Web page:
• Gary Thomas’s book, Sacred Marriage, is the book that I call the best book on marriage because it redeems the institution of marriage. Before reading that book, I had no desire to be married because I see what goes down that road, why would I want to do that? But reading the book and the subtitle of the book, if you aren’t familiar with it, answers, “What is the Purpose of Marriage?” It’s to make us holy more than happy —redeeming the idea that every aspect of marriage is a spiritual formation and discipline that we not only grow closer to God, but also we’re demonstrating or we’re not demonstrating the character of God. And that’s the big thing —our parents were told that when you’re getting a divorce, sit the kids down, and tell them, “Mommy and Daddy can’t get along anymore, so we’re going to get a divorce, but we still love you.”
And what the child hears is that, “Mommy and Daddy once chose to be together,” I came along. So if they can choose not to love each other anymore, then they can choose not to love me if I’m not perfect. And that’s where you get into all of the coping mechanisms. It takes a long time to disassociate from the part that is so ingrained in your hardwiring —that love is fickle and fleeting and it’s what you deserve. Then when you go to church, and especially for children a lot of times, everything is simplified, because you want kids to understand it. And they’re taught things like “adultery is bad.” Well, does that mean Mom was bad? Is Mom bad? Then what do I do with that? Or, God loves you and everything is going to be all right. I don’t feel everything is all right, so does that mean God doesn’t love me? (Jen Abbas, The Emotional Hurdles of Living Through a Divorce– FamilyLife.com Broadcast Date: 10/24/06)
• I’ve got a news flash for the 2 of you: you’re not the only ones living in your home —you’ve got children who are watching you and listening to how you scream at each other. What do you think the impact is when you yell and scream? …If you care about your child, you’ll start caring enough about him to grow up and make a life decision to control yourself (in how you relate to your spouse). Think to yourselves: “We’re going to calm down, grow up and put our son’s interest over our destructive behavior.” (Dr. Phil’s show on September 17, 2002)
• Researchers disagree whether children of unhappily married couples are better off if the parents stay together or divorce. After analyzing the studies, Waite and Gallagher conclude that children are usually not better off when unhappy spouses divorce. Marital dissatisfaction, they write, “is probably not in and of itself psychologically damaging for children: what counts is whether, how often, and how intensely parents fight in front of their children both before and after divorce.” And while divorce may end marital conflict for adults, it doesn’t stop “what really bothers kids: parental conflict,” they write. Children of divorce also have less money, live in poorer neighborhoods, go to poorer schools, and do worse in school than children of married parents—even if those marriages have a high degree of conflict. (Article can be found in Newsletter Archives section on web site for Smartmarriages.com, Subject: Healthy, Wealthy and Wed – 11/09/03)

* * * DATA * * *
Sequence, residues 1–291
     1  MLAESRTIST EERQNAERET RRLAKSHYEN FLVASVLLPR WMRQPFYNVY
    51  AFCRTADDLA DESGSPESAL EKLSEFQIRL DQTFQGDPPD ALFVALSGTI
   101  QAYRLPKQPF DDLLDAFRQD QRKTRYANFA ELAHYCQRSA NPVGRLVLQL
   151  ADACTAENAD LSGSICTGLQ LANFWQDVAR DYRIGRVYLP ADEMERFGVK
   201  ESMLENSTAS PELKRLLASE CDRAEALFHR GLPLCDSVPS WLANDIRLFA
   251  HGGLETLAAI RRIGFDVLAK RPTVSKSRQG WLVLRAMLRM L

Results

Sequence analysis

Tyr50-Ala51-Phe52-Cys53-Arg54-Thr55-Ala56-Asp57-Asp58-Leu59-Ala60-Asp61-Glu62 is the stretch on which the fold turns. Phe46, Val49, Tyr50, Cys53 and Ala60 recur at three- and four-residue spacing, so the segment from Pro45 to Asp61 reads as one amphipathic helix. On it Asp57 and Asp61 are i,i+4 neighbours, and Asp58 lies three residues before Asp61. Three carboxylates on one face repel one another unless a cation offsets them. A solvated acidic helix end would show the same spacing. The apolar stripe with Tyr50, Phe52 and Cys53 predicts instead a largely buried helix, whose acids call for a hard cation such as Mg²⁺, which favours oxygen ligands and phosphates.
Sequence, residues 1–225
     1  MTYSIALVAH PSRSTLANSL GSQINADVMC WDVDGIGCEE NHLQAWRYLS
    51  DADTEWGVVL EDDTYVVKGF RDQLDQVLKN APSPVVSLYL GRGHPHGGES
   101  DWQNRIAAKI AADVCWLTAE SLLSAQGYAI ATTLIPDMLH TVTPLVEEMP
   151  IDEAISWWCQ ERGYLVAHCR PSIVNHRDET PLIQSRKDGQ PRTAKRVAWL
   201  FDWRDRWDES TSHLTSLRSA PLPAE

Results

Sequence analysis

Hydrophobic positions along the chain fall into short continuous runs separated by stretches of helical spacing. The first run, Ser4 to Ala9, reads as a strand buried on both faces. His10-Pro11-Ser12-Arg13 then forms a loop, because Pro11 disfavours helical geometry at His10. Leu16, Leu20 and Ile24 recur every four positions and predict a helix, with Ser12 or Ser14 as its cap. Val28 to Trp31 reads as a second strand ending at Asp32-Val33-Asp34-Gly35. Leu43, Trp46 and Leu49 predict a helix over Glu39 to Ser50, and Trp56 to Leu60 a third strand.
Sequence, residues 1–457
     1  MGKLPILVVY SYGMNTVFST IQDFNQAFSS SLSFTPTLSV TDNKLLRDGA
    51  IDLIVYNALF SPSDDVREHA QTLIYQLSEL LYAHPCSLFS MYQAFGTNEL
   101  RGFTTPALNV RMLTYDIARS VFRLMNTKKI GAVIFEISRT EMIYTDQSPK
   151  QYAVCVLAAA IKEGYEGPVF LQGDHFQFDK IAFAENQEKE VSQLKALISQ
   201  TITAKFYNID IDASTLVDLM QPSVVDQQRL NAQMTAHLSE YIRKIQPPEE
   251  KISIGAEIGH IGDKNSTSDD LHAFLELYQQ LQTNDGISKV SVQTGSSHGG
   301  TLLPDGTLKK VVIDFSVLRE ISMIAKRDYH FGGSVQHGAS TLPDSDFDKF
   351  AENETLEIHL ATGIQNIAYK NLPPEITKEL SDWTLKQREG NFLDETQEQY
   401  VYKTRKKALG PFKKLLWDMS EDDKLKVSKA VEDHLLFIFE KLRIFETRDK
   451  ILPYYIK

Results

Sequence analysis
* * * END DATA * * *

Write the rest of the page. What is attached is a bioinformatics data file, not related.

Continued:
“Children are being woefully shortchanged. They need us to build a society of enduring families and monogamous marriages. For this reason, we must reinvigorate the cultural ideals of family within the changed circumstances of our time. We must love and support those who are single or divorced while reemphasizing the old ideals of parents living together and sharing responsibility for their children and for each other. Strong families concerned with the needs of children and built on biblical principles are not only possible, but necessary. The hard truth is that in a free society the ultimate responsibility rests with the people. Our injury is self-inflicted. The good news is that it can be healed and restored.” (From: Holiness Today, “Today’s Family: Holding Tough”, March 2003, Drs. Les and Leslie Parrot
• What people need to know is that the majority of divorces today don’t end high-conflict marriages. Two-thirds of divorces today end low-conflict marriages. They’re ending marriages that are not characterized by abuse or violence or very serious and frequent quarreling. They’re ending marriages that are often ending for reasons like people grew apart. They’re not sure if they love each other anymore. Somebody else at work is more interesting. Sometimes they’re ending for reasons that we can be sympathetic for —the people in the marriage are hurting. But a lot of this stuff is not on the radar screen to the child.